In Bondy and Murty's Graph Theory, exercise $1.1.11$ defines something called Turán's graph $T_{k, n}$, as a complete, $k$-partite graph where all parts are of size $\lceil \frac{n}{k} \rceil$, or $\lfloor \frac{n}{k} \rfloor$. I want to show the following:

$T_{k, n}$ has more edges than any other complete $k$-partite graph with $n$ vertices.

I know from part $a)$ that in this case, the number of edges of a complete, $k$-partite graph is $\frac{1}{2} \sum_{i=1}^{k} a_{i}(n-a_{i})$, where $a_{i}$ are the sizes of the parts $A_{i}$. So I want to prove that if $n=kq+r$, $0 \leq r < n$, $q = \lfloor \frac{n}{k} \rfloor$, $a_{1}= \space ... \space =a_{r}=q+1$, $a_{r+1}= \space ... \space =a_{k} = q$, and $b_{i}$ any other sequence of $k$ positive numbers such that $\sum_{i=1}^{k} b_{i} = n$, that $$\sum_{i=1}^{k} a_{i}(n-a_{i}) \geq \sum_{i=1}^{k} b_{i}(n-b_{i}).$$ Is there an elementary-inequality way of proving this? I've tried Lagrange multipliers, but it seems like overkill, and it'd require further discussion since $a_{i}$ can only be positive integers, not real numbers.

  • $\begingroup$ See Jensen’s Inequality. $\endgroup$ – Bob Krueger Nov 28 '17 at 18:01
  • $\begingroup$ @BobKrueger Jensen's inequality, and convexity in general, certainly underlie what's going on, but naively applying it still doesn't deal with the case where $\frac nk$ is not an integer. (It merely gives us an easy way to prove an upper bound of $n(n - \frac nk)$ on the number of edges, but this is not quite tight when $k$ does not divide $n$.) $\endgroup$ – Misha Lavrov Nov 28 '17 at 18:48

The only real way avoid "further discussion" to deal with the issue of integers is what they call a smoothing argument.

First, if we have $b_i - b_j\ge 2$ for any $i,j$, then replacing them by $b_i' = b_i - 1$ and $b_j' = b_j + 1$ while leaving all terms the same will increase the sum: $$\sum_{i=1}^k b_i (n-b_i) < \sum_{i=1}^k b_i' (n-b_i').$$ This is easy to check, since only two terms of the sum change, and the total change is by $2(b_i - b_j - 1) > 0$.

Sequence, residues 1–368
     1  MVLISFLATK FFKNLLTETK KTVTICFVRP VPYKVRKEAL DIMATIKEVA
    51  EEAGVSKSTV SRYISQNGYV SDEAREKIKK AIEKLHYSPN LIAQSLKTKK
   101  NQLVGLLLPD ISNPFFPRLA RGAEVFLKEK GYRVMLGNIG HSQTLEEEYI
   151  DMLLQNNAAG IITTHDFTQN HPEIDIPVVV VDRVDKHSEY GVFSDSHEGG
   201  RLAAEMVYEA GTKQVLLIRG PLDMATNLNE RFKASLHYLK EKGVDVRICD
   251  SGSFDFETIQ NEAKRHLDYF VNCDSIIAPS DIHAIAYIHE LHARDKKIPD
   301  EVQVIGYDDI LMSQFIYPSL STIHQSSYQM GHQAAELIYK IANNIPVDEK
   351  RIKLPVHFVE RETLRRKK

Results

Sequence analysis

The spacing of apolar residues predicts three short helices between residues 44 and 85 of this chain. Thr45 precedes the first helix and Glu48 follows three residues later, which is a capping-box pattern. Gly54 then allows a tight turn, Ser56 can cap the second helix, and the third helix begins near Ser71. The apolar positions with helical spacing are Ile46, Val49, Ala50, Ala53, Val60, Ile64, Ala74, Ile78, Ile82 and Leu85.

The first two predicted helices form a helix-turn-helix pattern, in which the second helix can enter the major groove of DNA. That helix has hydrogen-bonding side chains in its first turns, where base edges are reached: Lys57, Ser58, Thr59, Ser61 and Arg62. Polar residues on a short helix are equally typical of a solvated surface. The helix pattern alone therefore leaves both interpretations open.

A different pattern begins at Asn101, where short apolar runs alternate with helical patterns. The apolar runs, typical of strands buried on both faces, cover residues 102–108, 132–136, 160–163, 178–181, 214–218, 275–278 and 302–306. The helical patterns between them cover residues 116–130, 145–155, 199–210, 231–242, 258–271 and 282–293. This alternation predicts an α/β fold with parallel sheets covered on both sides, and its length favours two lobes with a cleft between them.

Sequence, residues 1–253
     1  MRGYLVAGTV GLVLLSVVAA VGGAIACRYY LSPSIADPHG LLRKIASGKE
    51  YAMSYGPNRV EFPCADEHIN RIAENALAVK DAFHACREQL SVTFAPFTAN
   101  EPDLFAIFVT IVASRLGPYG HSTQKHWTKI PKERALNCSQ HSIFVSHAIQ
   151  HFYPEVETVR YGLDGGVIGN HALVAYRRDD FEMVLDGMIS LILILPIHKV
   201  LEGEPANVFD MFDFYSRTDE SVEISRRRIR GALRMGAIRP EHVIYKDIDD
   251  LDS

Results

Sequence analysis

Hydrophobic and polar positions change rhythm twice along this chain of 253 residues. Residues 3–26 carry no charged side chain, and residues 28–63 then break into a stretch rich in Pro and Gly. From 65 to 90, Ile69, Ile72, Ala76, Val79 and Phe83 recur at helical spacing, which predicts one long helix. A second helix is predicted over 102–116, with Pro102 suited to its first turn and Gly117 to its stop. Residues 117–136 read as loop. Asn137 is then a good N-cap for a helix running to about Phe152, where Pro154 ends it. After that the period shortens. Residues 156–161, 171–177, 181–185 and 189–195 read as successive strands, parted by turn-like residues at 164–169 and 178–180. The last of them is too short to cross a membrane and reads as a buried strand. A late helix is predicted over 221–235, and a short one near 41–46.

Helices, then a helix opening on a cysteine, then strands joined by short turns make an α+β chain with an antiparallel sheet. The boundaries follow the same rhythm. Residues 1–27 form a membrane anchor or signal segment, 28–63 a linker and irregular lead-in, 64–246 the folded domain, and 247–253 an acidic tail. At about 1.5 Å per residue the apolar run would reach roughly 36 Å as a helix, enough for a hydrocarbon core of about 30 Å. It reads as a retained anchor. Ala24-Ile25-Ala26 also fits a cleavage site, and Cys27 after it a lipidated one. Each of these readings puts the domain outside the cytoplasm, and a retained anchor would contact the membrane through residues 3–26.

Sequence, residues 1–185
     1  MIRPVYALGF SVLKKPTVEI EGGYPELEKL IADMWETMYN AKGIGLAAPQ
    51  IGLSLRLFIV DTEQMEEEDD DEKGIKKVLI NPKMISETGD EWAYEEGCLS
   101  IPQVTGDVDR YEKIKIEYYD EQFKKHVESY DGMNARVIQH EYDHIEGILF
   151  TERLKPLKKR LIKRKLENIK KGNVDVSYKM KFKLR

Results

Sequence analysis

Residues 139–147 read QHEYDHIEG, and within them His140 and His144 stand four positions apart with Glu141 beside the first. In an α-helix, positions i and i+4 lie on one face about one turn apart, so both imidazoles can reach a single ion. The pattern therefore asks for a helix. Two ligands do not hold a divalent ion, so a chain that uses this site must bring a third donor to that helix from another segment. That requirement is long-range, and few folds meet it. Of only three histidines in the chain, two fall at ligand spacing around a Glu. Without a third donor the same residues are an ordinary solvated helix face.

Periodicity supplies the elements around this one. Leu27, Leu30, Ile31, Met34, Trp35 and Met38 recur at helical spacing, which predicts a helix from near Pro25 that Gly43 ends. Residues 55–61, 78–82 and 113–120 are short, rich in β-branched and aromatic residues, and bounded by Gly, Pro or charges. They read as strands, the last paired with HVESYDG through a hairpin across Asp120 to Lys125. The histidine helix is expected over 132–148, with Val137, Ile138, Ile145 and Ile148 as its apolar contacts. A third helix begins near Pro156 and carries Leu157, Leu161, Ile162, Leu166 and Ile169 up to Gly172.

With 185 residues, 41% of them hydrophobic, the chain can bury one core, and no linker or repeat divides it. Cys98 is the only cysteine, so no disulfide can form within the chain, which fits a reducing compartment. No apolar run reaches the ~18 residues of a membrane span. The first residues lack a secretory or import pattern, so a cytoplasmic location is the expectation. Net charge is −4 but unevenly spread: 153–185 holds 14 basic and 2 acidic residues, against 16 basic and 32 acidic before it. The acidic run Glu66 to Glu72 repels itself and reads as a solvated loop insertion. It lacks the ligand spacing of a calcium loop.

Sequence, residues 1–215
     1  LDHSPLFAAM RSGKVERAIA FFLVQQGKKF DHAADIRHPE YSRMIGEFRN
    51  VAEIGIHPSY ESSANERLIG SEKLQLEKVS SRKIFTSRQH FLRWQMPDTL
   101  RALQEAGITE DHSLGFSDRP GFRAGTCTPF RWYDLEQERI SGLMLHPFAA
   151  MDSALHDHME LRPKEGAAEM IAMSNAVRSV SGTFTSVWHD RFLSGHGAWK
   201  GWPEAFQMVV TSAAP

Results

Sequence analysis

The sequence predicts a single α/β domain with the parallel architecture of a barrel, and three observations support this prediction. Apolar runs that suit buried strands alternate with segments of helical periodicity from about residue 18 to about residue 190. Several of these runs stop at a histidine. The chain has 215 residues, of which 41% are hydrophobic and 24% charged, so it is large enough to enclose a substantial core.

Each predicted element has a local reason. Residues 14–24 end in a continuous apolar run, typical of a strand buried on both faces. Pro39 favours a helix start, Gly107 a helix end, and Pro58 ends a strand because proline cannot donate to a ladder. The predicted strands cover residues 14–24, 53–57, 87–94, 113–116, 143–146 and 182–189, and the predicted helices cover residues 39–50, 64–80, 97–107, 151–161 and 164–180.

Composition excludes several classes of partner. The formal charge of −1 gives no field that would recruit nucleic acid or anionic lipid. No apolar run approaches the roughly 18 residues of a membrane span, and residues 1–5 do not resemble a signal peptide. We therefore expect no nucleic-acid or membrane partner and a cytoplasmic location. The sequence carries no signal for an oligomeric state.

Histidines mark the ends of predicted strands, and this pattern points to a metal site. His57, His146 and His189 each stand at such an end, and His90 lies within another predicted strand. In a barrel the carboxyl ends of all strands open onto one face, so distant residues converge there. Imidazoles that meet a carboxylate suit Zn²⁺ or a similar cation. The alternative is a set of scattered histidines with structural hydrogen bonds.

Second, if some of the parts do not have size $\lfloor \frac nk \rfloor$ or $\lceil \frac nk \rceil$, then the largest part and the smallest part must differ in size by at least $2$:

  • The average size is $\frac nk$, so the largest part must have size at least $\lceil \frac nk \rceil$ and the smallest part must have size at most $\lfloor \frac nk \rfloor$.
  • If $\frac nk$ is not an integer, then this already guarantees a difference of $2$ unless the largest part has size exactly $\lceil \frac nk \rceil$ and the smallest part has size exactly $\lfloor \frac nk \rfloor$.
  • If $\frac nk$ is an integer, then any part of size less than $\frac nk$ forces a part of size greater than $\frac nk$, and vice versa.

In such a case, the inequality above shows that such a $k$-partite graph cannot have the maximum number of edges. This leaves the Turán graph as the only possibility.

  • $\begingroup$ Hm, this discussion occured to me, but I didn't think it would be this simple. Thank you! $\endgroup$ – Matija Sreckovic Nov 28 '17 at 19:01

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